This is a great follow up to my previous post about the problems with location-based SMS advertising.
Two weeks ago, O2 launched their very own SMS advertising network called O2 More. The opt-in program aims to “deliver highly personalised campaigns for advertisers and give customers access to a wide range of exclusive and relevant offers from over 50 leading brands.”
It works by the O2 customer signing up and filling out their age and interests online (picture below), O2 will also use their location and usage data:
What other information will be used for O2 More?
Only things we know about how you use your phone since you’ve been on O2. For example, if we know you download music to your phone, we may send you details of a music offer. We want to make the messages you receive from us as relevant as possible.
I dug around and found the O2 Sim card I used for the AQA vs 118188 test and signed up for O2 More. Check out the registration screen below (click to enlarge).
This is the first time one of the big four operators has opened up their customer data to brands and it’s probably long overdue. There’s no reason this couldn’t have been done years ago so why now? Are brands and consumer attitudes changing?
Shaun Gregory, managing director of O2 Media said in a statement:
“Mobile advertising has been slow to deliver on its promise. Much of that has been down to a lack of understanding, limited opportunities and no real accountability or measurement. O2 More is about to change all that and will spearhead the UK’s first truly personalized media business.”
I personally think that operators are seeing power shift over to manufacturers and are making (slightly vain) attempts to combat this. For a long time operators have been holding all the cards for targeted mobile advertising, they have your location, personal details (when you sign the contract) and even your browsing habits. But now everything has changed, advances in technology means that the handset can do all of this and more, putting the manufacturers in pole position.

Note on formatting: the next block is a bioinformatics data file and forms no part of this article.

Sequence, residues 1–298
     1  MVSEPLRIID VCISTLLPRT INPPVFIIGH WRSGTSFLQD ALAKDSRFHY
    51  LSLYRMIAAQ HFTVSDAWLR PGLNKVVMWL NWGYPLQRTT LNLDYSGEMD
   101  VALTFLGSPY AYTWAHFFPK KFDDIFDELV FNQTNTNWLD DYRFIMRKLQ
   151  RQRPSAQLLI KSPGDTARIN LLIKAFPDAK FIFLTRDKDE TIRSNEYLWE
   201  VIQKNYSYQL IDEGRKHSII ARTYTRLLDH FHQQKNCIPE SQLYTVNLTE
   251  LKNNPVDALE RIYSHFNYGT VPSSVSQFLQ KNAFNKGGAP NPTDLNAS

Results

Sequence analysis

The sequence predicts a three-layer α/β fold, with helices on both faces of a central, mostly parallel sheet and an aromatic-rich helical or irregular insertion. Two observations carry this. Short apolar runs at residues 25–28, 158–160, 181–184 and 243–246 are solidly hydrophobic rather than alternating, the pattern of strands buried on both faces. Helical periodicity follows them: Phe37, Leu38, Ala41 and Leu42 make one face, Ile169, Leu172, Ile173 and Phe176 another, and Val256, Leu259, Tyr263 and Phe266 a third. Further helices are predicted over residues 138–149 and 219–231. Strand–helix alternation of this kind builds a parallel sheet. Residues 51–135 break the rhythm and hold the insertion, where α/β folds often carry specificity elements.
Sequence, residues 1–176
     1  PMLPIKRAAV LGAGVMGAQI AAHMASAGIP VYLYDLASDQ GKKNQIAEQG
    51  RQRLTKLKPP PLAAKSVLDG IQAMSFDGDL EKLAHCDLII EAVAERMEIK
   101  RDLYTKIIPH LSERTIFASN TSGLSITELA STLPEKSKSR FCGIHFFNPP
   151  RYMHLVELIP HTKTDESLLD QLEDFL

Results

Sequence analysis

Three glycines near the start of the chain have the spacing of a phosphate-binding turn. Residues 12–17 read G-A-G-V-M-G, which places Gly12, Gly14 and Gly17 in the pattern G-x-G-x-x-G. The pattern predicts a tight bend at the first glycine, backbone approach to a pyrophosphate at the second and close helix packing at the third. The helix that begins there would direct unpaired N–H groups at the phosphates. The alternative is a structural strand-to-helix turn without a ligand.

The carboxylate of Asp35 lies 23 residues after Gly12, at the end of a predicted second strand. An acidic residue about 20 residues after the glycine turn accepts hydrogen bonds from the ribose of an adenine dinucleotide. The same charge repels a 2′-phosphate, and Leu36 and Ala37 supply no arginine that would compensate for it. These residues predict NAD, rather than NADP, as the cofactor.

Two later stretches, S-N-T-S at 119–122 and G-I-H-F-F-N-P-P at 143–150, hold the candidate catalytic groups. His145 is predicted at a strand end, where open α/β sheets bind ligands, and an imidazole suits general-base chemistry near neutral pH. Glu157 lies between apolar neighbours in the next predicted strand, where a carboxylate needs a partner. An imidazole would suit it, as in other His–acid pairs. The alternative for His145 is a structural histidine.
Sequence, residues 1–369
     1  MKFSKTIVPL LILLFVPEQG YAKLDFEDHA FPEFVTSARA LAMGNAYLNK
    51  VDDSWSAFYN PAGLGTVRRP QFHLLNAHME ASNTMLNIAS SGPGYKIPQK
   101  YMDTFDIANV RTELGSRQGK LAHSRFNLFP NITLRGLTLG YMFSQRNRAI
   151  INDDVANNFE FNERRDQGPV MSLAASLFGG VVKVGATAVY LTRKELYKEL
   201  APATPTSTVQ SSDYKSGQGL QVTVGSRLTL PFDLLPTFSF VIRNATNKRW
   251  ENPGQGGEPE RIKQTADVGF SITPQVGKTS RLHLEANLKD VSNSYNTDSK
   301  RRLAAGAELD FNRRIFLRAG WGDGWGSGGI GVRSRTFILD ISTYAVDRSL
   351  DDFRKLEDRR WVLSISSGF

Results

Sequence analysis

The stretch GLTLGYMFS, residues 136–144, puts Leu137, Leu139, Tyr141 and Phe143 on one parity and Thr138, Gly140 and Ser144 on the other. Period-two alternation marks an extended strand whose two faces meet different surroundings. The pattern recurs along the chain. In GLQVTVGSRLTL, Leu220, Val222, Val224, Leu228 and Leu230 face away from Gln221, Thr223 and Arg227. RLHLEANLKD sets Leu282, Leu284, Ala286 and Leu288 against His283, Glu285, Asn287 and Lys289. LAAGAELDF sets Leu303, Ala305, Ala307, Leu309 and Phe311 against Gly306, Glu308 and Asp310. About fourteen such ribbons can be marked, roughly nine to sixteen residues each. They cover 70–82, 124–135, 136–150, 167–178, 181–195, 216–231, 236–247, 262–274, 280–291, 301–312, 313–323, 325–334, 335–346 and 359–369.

Phones can use GPS for your location, online accounts for your personal information (like Facebook, Google etc) and can track your browsing habits just as well as the operators. This poses a problem for mobile networks because they are moving out of the profit loop.
But the most important thing to remember is that manufacturers control the user interface and experience. This means that advertising doesn’t just have appear in the browser or Applications, completely new ad-units can be created. Imagine the things you could do if you got the chance to start mobile advertising from scratch, on your own terms. Imagine the brains behind Apple and Google creating new ways to advertise that aren’t restricted to SMS or banners.
In the past operators took a cut of your profits if you wanted to make some money using things like premium rate SMS, LBS lookups or reverse billing. These days you can take payments from within a iPhone/Android/Blackberry App and the operator doesn’t get a penny. Imagine the amount of money that goes around the iPhone eco-system without O2 getting a sniff.
And what about ad serving? It’s allowed developers and publishers to turn over millions in revenue by pulling ads into their apps/mobile sites without any profits going to the networks. After Google paid $750 million for Admob, a business that relies on advertising on mobile networks, I wonder if operators wondered why they weren’t getting a more of the pie.
This is blatantly obvious with app stores. Vodafone and Orange have just launched their own. Why? What do they believe they can offer the marketplace that the manufacturers cannot? The answer is – not much, apart from confusing consumers. It’s totally ‘me too!’ behaviour with the purpose of slowing domination by manufacturers.
Anyway back to O2 More, one thing O2 does have is reach, they can target people who have low end phones just as well as the super duper ones because everything is reliant on the network rather than phone hardware. But when recent studies show that iPhone users spend more money you often wonder where you’re likely to get a higher ROI.
I’ve been signed up for O2 More for 3 weeks and I have yet to receive a promotion. Not really a good start.
Shaun Gregory, head of O2 Media, said: ‘It’s not about bombarding customers; it’s about providing true relevancy. If we have [an offer you’ll enjoy] we’ll send it. If we don’t, we won’t.’ Gregory also swears you won’t receive more than one a day”
Maybe the ad inventory doesn’t match up to my personal preferences yet? One I get a SMS ad i’ll screen grab it and post it on the blog.